The tube is even better. You'll learn to not run for it if it's in front of you and you're just going down the stairs. Because another one comes in 2 minutes. Unless it snowed 5 minutes that day. Then all hell breaks loose.

You have trains that cross the city in under 20 minutes. 

And you'll soon come to realise there's absolutely no point in owning a car. Not only are they expensive to maintain, but what would be 30 minutes by taking the tube, it would take you 2 hours by driving there and at least one parking ticket a week. You'll learn to be efficient also. In the tube, you'll use that time to catch up on your emails before work or use it as a time to read or simply relax by listening to music. 

Some would argue that you can't really do much because the tubes are so crowded. But there are workarounds about that if you spend long enough testing ;). 

11. You won't have many friends. 

Unless your friends live very close to you, you won't see them much. But the question whether you can make real friends still stands. 

London is a very fast paced city. With most of its inhabitants working between 8-10 hours a day + an average commute of at least 1 hour daily, there's not much time left for socializing. You will find yourself always in a hurry. 

Sure, you'll go down to the pub on Friday evenings and it will feel like you're making friends instantly. You'll have a good night out, but you'll never see most of those people again. Because there are so many pubs in London, that you will very rarely go to the same one twice.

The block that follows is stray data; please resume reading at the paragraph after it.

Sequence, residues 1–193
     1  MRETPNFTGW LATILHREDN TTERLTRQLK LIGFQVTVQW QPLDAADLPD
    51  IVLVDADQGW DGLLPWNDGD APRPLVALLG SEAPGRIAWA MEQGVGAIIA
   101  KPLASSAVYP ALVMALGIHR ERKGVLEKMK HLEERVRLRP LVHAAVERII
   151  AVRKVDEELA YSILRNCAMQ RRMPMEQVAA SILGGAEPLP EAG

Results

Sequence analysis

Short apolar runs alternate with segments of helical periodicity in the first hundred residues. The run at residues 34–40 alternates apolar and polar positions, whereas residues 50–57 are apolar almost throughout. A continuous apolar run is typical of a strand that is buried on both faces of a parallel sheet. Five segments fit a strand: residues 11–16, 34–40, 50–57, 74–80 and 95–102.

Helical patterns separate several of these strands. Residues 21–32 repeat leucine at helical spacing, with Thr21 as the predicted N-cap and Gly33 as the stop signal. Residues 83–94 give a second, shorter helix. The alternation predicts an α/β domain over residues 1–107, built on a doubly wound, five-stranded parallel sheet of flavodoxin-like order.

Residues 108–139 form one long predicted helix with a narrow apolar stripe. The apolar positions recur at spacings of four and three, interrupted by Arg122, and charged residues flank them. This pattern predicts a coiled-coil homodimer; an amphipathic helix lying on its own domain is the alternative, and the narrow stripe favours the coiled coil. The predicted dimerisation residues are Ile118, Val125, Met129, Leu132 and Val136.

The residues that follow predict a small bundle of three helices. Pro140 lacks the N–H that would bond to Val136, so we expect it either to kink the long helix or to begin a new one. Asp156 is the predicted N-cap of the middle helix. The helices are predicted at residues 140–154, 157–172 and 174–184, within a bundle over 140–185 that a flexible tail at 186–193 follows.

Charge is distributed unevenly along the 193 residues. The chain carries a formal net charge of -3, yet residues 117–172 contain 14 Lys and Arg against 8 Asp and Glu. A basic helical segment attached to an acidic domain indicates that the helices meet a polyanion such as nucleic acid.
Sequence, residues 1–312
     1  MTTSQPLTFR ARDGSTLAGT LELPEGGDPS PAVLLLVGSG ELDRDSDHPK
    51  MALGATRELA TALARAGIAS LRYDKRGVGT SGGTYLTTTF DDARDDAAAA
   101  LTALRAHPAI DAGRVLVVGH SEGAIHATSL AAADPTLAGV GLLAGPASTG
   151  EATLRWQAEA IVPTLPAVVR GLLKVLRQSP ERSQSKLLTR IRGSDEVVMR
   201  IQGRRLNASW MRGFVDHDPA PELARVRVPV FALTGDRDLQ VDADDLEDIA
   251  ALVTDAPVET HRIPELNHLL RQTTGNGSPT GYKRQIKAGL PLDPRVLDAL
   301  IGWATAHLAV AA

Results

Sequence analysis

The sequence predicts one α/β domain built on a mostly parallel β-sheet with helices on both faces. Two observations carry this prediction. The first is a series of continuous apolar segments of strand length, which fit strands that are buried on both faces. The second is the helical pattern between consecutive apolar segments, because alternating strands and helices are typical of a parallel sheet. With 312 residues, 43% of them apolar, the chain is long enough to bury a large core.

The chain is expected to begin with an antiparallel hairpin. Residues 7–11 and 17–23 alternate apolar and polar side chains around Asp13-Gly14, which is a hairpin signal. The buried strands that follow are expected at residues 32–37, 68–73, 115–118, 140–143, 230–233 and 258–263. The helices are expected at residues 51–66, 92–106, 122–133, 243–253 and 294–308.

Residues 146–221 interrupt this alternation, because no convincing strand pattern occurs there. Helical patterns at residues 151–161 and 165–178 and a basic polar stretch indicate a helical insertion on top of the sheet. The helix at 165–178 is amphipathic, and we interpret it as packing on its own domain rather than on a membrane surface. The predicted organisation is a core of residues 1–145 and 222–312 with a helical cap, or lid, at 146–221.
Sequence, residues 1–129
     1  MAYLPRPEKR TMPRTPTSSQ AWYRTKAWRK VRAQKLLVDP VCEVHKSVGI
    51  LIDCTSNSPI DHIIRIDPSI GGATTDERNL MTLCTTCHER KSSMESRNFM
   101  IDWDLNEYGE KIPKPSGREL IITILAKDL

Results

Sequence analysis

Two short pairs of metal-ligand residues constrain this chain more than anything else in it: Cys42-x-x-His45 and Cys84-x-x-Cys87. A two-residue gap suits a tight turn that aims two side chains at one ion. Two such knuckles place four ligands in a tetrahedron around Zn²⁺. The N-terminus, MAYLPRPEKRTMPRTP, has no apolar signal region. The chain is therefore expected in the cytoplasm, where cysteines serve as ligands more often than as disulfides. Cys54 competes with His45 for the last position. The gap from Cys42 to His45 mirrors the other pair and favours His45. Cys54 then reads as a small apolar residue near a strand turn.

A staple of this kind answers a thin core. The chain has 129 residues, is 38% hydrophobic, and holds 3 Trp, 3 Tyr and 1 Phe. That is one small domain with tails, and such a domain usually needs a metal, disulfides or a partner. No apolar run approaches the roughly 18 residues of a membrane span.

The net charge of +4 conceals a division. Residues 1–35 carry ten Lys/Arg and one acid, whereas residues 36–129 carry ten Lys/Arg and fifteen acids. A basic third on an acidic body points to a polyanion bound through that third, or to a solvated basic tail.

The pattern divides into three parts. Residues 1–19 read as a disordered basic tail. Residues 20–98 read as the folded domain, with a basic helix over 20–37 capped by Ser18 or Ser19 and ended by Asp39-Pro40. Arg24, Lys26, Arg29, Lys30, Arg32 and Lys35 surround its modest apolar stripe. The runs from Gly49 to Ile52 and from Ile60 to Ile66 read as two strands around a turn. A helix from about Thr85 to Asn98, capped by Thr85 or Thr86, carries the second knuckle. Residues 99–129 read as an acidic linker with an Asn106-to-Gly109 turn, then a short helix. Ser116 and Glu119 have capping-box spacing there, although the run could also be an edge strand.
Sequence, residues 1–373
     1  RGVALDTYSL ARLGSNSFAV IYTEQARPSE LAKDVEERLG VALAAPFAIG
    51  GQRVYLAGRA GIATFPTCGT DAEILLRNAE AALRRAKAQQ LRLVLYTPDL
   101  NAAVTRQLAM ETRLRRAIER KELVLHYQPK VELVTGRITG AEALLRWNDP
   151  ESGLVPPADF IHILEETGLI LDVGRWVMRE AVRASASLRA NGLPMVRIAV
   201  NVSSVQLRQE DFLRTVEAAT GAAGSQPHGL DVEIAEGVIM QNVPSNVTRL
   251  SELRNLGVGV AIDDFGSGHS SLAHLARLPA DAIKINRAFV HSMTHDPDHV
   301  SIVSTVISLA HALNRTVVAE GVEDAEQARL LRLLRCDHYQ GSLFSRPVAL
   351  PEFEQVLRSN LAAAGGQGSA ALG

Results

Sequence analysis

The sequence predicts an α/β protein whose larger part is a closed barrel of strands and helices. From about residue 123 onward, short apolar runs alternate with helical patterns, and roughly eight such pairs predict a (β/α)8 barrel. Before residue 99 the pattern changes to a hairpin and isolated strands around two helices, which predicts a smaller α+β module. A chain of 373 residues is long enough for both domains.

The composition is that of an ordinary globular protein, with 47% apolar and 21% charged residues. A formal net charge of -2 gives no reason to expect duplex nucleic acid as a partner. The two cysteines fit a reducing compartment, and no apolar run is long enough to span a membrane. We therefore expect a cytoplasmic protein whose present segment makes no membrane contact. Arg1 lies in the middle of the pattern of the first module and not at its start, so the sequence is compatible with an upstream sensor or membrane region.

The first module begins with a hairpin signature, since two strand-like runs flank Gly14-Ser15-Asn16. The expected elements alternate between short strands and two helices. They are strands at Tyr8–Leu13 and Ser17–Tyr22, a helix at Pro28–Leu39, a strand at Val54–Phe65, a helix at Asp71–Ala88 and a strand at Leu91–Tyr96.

Unless you have a good environment at work or some friends from other walks of life, you won't meet many new people that'll turn into friends. But you won't really think about that a lot. You're as busy as everybody else, so it will just pop in your mind from time to time. 

12. The weather is not so bad. 

To be quite honest, I actually loved the weather. Warm-ish winters (the coldest day I ever experienced there was -2°C). It doesn't rain as much as people think. My first autumn there, it only rained for like 5 days in 3 months. On my birthday (in December), there were 19°C. I remember flying to Budapest, I only had a jacket on and when I landed in Budapest there were -11°C. I could barely drive until I warmed up in the car. Talk about temperature difference! 

But brace yourself. Because of the humidity and position, 28°C will feel like 40°C in other places. The good news is, that usually lasts for a few weeks in July and that's it. The remainder of the year, it's not really hot, more like warm.